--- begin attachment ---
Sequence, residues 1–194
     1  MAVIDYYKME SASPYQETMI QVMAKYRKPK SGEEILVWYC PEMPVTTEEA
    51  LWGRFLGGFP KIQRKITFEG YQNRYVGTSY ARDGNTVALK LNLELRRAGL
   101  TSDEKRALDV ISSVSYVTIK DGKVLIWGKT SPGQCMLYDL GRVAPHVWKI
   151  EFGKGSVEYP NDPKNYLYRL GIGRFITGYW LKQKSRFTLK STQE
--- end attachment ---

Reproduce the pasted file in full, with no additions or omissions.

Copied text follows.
Sequence, residues 1–194
     1  MAVIDYYKME SASPYQETMI QVMAKYRKPK SGEEILVWYC PEMPVTTEEA
    51  LWGRFLGGFP KIQRKITFEG YQNRYVGTSY ARDGNTVALK LNLELRRAGL
   101  TSDEKRALDV ISSVSYVTIK DGKVLIWGKT SPGQCMLYDL GRVAPHVWKI
   151  EFGKGSVEYP NDPKNYLYRL GIGRFITGYW LKQKSRFTLK STQE